Following the organizational award presentations, CLCC Steering Committee Vice-Chair Chuck Toal (Colchester Land Trust) honored two individuals with the Katchen Coley Award for Excellence in Land Conservation.  Named in honor and memory of longtime CLCC Steering Committee member Katchen Coley (1924-2013), the 2017 award was presented to Vikki Reski for her volunteer efforts in rebuilding the Wintonbury Land Trust into a local and regional leader in conservation and to Harry White for his decades of innovative conservation work with and for land trusts in Northwest CT and beyond.

Amy wrapped up the awards ceremony by presenting a Lifetime Achievement Award on behalf of the CLCC Steering Committee to Alicia Sullivan.  The immediate past chair of the CLCC Steering Committee. Alicia has been an instrumental force for land conservation in Connecticut for the past 18 years through her work at the Trust for Public Land.

Read more about our outstanding 2017 award winners in the Conference Program HERE.

The Keynote Address:  Where Do We Go From Here? Using Land to Help Unify Communities and Find Community Ground

Amy had the distinct pleasure of introducing Bilal Dabir Sekou, Ph.D. as the 2017 keynote speaker.  Here's an excerpt from Amy’s introduction:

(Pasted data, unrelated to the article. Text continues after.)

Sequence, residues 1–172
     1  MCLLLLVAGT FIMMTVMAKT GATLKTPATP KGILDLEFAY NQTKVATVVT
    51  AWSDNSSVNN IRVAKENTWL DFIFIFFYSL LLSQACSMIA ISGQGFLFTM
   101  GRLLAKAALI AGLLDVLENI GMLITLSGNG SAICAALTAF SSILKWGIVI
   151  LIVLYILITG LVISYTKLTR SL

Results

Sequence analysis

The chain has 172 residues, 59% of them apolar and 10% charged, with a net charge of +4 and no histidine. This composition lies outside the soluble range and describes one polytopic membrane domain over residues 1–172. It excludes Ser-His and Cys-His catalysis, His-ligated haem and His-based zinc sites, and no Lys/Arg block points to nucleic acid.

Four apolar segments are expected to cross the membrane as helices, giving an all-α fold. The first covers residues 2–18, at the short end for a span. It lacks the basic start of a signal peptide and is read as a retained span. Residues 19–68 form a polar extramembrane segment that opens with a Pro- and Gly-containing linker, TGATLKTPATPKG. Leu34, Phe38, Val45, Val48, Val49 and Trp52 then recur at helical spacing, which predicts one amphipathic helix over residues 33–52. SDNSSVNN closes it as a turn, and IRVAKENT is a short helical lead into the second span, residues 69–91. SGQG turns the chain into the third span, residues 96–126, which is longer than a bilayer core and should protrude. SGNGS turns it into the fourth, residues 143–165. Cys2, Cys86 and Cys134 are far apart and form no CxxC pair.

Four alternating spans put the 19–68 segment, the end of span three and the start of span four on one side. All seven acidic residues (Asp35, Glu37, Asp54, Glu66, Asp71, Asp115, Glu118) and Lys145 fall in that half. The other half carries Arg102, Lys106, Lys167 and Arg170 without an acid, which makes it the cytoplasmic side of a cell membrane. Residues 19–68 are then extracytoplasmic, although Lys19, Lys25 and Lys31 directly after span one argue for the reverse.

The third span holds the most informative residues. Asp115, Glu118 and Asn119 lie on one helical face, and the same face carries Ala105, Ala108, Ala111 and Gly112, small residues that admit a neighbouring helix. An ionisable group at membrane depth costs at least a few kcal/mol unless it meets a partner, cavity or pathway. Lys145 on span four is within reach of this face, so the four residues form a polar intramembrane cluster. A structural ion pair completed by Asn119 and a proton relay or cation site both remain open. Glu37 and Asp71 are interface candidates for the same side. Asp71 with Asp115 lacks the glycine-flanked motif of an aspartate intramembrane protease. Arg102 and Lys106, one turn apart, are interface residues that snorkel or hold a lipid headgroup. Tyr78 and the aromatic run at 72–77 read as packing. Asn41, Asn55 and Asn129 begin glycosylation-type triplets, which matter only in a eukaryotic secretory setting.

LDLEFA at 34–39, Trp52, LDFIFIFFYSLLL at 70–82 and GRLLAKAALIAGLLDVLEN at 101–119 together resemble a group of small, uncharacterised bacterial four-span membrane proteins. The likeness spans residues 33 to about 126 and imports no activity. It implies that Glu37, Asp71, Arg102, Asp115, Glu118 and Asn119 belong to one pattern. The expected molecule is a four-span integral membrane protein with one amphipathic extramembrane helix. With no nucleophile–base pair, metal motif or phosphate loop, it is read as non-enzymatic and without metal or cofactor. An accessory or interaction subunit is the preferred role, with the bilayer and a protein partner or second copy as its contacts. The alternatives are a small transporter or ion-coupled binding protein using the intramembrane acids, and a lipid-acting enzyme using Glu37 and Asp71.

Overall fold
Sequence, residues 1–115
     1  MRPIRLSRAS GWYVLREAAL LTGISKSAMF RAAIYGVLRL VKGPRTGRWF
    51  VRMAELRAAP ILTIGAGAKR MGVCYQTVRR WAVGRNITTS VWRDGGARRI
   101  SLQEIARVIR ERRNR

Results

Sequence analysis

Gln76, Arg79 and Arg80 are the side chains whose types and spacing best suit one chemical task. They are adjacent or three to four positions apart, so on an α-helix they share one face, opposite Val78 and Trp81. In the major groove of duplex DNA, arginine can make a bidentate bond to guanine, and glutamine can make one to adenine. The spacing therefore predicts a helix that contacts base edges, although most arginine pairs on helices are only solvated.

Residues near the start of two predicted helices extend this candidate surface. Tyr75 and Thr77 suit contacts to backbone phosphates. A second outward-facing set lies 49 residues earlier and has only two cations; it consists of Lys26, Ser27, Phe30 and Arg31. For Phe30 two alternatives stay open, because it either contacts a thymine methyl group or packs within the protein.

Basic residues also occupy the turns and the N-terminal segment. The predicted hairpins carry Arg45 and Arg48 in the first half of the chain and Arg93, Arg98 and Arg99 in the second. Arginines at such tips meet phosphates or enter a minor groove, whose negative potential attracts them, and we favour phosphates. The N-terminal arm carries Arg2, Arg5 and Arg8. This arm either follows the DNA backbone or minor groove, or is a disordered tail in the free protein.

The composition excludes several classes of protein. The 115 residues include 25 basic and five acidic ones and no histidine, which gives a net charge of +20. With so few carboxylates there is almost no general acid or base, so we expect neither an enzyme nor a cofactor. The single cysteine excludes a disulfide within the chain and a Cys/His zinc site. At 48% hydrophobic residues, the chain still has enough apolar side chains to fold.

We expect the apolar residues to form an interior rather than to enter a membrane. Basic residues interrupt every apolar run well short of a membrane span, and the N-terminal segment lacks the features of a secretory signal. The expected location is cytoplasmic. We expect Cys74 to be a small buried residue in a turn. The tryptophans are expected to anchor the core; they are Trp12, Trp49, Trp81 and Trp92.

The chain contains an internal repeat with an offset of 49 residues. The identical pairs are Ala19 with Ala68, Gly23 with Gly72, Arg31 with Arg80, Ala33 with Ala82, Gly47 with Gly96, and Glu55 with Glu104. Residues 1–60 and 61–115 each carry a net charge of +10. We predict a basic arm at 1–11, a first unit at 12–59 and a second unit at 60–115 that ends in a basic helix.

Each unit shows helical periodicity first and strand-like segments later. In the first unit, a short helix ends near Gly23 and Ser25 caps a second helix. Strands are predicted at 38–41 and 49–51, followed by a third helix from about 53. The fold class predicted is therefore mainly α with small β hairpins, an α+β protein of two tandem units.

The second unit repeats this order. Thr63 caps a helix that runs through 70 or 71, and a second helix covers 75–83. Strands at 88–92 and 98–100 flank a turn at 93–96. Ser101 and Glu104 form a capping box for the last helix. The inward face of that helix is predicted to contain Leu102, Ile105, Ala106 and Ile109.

Two of the biggest perks of driving around the state as much as I do, are: 1.  I get to visit with you and support you in your land conservation work; and 2.  I get to listen to NPR.  This past year, I had the distinct pleasure of hearing Dr. Bilal Sekou interviewed on Where We Live – on several occasions – during the Presidential campaign. 

Dr. Sekou is an Associate Professor of Political Science in Hillyer College at the University of Hartford. His research interests are race and politics, urban politics, and campaigns, elections, and voting behavior. He has published articles on social and political participation by African Americans and public attitudes toward quality and integrated education in Connecticut.

You’ll notice that “land conservation” isn’t listed as one of his interests; but I was intrigued.  I was especially interested in hearing about his students’ reactions to the debates and the election, how he talked with them in response to the same, and his insights into the issues that drive millennials to take action and get involved. 

As we state in our Strategic Plan, CLCC believes that “ to be successful in the long term, protected land must be valued by a broad and diverse cross section of our society; and, to that end, we have a responsibility to listen to, learn from, and engage everyone in the communities we serve.”